Nashville — Thirty-three years after he raped and killed a little Knoxville girl, Billy Ray Irick took his last, loud breaths in Tennessee’s execution chamber.
And I watched.
As a WBIR journalist, I was among seven media representatives picked to witness the state’s first execution in nine years. Counting Irick, the state has only killed seven death row inmates since 1960.
But there are several more executions set in the Volunteer State in the coming months, assuming courts don’t stop them.
My colleagues kindly asked me after it was over about 9 p.m. tonight if I was OK.
I am. I suppose it’s because I’ve been a reporter and editor a long time and am used to things that are shocking, sad, alarming, disturbing. It goes with the job.
I hope honestly that I have not lost my ability to feel.
Another reason perhaps I was not shaken is because the method of killing an inmate at Riverbend Maximum Security Institution in Nashville is very clinical, very medical.
Gasps and snores
We were led into a small, concrete-block room off the execution chamber. Blinds hung down across windows that looked into the chamber. They kept the lights off in our room for about 40 minutes.
As we waited in darkness, prison workers on the other side laid Irick on a gurney, strapped him down and put tubes in his arms. About 7:25 p.m., men in the chamber raised the blinds, revealing Irick, 59, stretched out before us, blinking and staring up at the ceiling.
He never looked around. He wore yellow or cream cotton prison clothes and socks.
Warden Tony Mays stood by Irick, his back to us. Mays asked Irick if he wanted to say anything.
Irick paused, then said, "I just want to say I'm really sorry...and that's it."
That was the signal for the first drug - midazolam, a sedative - to be injected into the tube. By 7:29 p.m. Irick was snoring, getting progressively louder. His belly, fairly large, went up and down.
At one point a couple minutes into the procedure,he jerked up and gasped. His eyes remained closed.
Heavy breathing and snoring continued for the next four minutes. I noticed his skin appeared to turn a little darker.
The warden, dressed in a black suit and flanked by an assistant, leaned over at 7:34 p.m. and shouted at him twice: "Billy! Billy!" He ran his hand over his face.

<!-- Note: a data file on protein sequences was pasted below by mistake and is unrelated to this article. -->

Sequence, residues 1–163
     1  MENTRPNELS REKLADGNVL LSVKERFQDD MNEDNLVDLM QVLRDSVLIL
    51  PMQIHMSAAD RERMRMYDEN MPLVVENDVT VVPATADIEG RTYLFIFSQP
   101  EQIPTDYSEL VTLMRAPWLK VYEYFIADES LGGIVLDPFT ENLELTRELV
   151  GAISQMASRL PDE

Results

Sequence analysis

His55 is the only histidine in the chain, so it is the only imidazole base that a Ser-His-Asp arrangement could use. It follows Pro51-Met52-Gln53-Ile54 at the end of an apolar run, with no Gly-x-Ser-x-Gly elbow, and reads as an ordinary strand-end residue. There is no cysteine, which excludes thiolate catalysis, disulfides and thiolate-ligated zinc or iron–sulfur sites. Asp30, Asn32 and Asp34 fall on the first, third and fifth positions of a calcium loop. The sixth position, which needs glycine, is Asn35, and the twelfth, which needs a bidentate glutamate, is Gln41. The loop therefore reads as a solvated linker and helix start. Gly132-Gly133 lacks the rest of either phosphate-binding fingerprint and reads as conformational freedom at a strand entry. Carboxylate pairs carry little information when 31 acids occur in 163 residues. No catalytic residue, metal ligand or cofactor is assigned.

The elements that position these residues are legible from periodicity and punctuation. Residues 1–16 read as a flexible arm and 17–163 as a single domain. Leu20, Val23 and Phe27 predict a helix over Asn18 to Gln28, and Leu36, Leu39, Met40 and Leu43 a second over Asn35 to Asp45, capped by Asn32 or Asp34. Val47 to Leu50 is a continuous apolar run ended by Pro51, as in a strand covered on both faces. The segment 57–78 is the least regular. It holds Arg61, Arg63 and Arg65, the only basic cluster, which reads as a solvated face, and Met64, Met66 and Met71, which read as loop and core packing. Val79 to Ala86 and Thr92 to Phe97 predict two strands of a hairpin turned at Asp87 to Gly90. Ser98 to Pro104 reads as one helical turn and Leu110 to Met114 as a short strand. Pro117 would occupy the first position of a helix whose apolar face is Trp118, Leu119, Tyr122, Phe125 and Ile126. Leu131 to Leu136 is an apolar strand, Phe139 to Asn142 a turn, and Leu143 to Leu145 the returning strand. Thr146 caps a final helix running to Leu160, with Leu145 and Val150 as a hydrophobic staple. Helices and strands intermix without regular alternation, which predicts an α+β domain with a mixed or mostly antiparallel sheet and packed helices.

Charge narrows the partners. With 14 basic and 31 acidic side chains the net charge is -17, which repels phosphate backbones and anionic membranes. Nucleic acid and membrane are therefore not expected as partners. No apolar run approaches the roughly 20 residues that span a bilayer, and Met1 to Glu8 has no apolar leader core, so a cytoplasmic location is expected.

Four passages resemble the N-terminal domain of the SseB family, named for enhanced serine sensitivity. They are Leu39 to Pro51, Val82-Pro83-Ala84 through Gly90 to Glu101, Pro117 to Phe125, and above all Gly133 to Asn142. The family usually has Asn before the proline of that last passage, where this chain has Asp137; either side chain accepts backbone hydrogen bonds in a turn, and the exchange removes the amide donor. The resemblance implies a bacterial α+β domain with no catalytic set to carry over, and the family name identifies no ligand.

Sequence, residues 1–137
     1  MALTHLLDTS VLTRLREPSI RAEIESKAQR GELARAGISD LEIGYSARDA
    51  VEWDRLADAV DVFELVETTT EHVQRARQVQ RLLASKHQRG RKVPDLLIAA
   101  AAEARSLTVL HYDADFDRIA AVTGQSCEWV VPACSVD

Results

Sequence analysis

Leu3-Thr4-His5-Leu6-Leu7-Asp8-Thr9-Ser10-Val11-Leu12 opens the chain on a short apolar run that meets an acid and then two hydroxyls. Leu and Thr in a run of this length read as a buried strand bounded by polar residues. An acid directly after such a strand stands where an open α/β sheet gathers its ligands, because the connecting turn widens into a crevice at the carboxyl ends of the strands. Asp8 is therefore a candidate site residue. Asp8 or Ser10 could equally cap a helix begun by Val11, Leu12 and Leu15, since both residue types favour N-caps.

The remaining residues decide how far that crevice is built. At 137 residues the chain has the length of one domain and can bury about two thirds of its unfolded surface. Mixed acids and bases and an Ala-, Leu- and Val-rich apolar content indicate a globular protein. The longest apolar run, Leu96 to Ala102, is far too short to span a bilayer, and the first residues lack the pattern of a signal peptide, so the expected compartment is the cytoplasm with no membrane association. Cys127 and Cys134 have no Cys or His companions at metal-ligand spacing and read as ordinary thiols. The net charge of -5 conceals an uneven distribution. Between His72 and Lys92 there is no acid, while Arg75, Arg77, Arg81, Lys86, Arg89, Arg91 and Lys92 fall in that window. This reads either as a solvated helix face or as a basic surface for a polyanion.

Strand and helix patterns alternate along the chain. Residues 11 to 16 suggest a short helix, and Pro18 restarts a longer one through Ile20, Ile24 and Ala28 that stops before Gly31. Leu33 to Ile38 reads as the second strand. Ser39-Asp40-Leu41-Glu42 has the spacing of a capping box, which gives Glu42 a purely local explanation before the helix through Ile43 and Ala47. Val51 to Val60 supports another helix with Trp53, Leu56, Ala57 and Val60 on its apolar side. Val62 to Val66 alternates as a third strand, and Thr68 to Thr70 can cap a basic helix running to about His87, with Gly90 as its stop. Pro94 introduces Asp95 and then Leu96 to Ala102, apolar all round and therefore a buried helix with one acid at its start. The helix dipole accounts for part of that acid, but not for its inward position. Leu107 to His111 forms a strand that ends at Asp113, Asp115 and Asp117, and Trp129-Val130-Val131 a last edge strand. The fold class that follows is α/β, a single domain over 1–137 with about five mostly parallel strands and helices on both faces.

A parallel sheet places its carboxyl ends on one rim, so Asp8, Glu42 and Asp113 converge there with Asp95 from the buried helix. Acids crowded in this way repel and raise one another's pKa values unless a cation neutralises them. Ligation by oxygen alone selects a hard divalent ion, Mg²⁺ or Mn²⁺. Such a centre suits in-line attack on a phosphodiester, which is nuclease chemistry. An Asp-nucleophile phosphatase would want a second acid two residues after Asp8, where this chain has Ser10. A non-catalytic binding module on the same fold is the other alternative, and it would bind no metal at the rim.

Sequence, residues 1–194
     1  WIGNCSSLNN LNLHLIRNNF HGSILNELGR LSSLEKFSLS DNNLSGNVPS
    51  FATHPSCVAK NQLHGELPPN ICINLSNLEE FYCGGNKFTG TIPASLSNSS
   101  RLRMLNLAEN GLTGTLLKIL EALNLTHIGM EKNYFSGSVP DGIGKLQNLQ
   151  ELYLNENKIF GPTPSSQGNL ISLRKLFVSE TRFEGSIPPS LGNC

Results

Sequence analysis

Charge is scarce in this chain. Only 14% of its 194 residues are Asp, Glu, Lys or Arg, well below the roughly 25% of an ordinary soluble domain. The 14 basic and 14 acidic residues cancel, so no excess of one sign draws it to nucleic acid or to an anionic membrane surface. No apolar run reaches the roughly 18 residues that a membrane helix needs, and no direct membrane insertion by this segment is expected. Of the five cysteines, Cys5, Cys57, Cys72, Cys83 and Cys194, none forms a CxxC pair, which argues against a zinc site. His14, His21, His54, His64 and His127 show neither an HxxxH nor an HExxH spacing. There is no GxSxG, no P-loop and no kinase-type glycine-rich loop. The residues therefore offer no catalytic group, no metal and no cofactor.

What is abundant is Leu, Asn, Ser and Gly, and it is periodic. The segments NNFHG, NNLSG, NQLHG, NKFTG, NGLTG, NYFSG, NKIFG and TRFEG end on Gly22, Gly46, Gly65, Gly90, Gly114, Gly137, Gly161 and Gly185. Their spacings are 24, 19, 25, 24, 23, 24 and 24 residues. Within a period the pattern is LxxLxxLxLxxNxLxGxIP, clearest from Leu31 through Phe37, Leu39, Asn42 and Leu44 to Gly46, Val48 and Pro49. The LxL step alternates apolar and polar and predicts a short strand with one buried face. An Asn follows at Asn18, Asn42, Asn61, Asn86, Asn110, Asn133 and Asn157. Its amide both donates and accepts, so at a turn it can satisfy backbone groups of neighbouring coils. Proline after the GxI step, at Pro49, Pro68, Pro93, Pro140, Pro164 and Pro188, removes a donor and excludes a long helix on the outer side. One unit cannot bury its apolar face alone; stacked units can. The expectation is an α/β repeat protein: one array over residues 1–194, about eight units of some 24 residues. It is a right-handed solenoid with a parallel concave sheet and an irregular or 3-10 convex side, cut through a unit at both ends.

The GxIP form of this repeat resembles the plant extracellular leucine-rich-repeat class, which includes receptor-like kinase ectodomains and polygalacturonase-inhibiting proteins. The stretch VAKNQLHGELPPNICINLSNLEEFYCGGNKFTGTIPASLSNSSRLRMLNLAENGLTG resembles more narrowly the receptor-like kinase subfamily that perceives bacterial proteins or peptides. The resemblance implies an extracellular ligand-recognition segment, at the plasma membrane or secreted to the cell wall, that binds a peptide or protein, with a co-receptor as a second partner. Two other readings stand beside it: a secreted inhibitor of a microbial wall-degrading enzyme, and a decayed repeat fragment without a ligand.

Irick never responded. He kept snoring, taking deep breaths and then exhaling so that the ends of his mustache fluttered in the air.
The next drugs were administered - a paralytic and then something to stop his heart.
Whenever it was time to administer the next drug, a slot by Irick's head would open and the hand of someone on the other side of the wall would set out what appeared to be a plastic container or cup on a shelf.
Gradually his breathing slowed and then stopped altogether.
By 7:37 p.m. he appeared dead to me. He wasn't moving and his skin had gone purple. Warden Mays and his assistant stood at attention watching his body.
Off to their right, I could just catch a glimpse of other witnesses -- family members of murder victim Paula Dyer -- sitting behind the glass of another chamber. They appeared to stare steadily at Irick.
Several minutes ticked by on the digital clock hanging on the wall facing us. Irick didn't move. Still the warden stood by the inmate, rocking slowly back and forth on his feet.
Abruptly at 7:46 p.m. the warden pulled the blinds down. We could hear the sound of tape being removed.
The warden said on a microphone broadcast into the witness chamber: "That concludes the execution of Billy Ray Irick. Time of death was 7:48 p.m.
"Please exit at this time."
Questions and answers
It all seemed choreographed, staged, controlled.
Inside the witness chamber, we all said very little, waiting to be allowed outside again. I saw no emotion, although it's certainly possible some people were dealing with feelings internally.
The seven of us made the long walk out of the prison's administrative offices to the parking lot, to face the dozen or so cameras of other journalists, waiting under a tent to hear what we had to say. Bright lights shone in our faces as we addressed questions.
That was as foreign and odd to me as watching the execution.
After 33 years, Irick finally paid what a Knox County jury said was the proper price for raping and killing 7-year-old Paula. If no one claims his body, perhaps he'll end up in a pauper's grave.
I'll be curious to see how I feel as the days progress. But right now, some four hours after it happened, writing this story in the middle of the night, I'm thinking more about Paula.
Her mother told us she was a genuinely sweet little girl who cared about others and loved to make friends. She even cared about Billy Irick, who had babysat her many times before he inexplicably attacked her on her parents' bed the night of April 15, 1985, while they were gone from the house.
So many questions linger tonight that will never be answered. Such a senseless thing -- him murdering that child.
Watching Irick die tonight resolved none of those questions. Some people have told us at WBIR that Irick should have been executed long ago, that he didn't deserve to live as long as he did.
He's gone now. I'll leave it for others to decide if justice was served.